The choice of the syndicate structure responds to the reality that most free-software projects carry along an eutreprenarial or cooperative model.

In the third definition the term syndicate is associated to anarcho syndicalism as a method for workers in capitalist society to gain control of an economy, thus control and influence in broader society. Anarcho-syndicalism is our point of reference where different needs of society are organised locally at communal level then federated.

A communalist way of thinking about technology engages us in thinking needs at local level and looking to federate what gains can be mutualised.

Purpose (of the software syndicate)

What form can it take?

The software syndicate is a local alliance of developers and community interested in thinking the tools they use; it can take different forms both proposing both social and digital tools. There are already existing structures that we can build from, hackerspace network is one example, but other civil society structures can be a supportive base also. The software syndicate looks at transforming the decision process about software development among developers including users in the decision process.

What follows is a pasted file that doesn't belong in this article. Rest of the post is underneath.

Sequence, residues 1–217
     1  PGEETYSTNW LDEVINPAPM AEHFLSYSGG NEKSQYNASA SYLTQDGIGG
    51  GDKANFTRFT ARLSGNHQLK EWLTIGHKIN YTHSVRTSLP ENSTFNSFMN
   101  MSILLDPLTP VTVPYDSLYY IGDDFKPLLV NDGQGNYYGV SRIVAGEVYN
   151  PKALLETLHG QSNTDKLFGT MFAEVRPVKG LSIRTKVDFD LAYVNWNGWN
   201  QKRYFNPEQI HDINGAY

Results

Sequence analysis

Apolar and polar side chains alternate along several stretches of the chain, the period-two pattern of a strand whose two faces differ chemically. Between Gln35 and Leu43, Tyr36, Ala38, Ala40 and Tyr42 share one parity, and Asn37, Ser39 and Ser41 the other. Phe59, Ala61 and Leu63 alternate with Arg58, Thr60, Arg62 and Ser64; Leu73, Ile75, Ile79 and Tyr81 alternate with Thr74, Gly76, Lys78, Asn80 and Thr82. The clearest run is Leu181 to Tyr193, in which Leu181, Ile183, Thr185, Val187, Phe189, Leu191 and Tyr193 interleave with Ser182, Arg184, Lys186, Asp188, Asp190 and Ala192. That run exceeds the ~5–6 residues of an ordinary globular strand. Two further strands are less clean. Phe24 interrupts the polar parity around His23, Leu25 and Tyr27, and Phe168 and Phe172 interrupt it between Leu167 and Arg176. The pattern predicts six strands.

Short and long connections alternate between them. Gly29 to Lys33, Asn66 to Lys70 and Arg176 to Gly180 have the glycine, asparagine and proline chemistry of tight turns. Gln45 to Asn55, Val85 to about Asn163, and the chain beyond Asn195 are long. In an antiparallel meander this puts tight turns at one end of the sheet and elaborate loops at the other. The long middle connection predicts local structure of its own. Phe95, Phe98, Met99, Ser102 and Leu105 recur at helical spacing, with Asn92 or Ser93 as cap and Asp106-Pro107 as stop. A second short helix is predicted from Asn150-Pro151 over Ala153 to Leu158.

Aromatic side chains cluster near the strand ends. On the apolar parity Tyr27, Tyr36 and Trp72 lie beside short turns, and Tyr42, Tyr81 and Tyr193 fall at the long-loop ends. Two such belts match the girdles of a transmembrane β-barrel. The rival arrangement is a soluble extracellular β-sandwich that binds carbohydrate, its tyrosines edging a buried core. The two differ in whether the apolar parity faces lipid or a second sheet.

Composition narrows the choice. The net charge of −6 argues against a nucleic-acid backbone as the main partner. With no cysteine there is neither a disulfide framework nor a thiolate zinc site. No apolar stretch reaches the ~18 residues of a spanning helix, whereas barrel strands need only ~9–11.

Organisations, groups, and projects under capitalism have the tendency to centralise.
This is both because of monetary incentives (it might be cheaper to just have one of something than many), as well as authority incentives; it is easier to control an organisation that is structured hierarchically.

This way of thinking has infected nearly every aspect of our society, including free software projects.
Generally projects are considered to have an “upstream”, a canonical source from which the software is created, distributed, and maintained.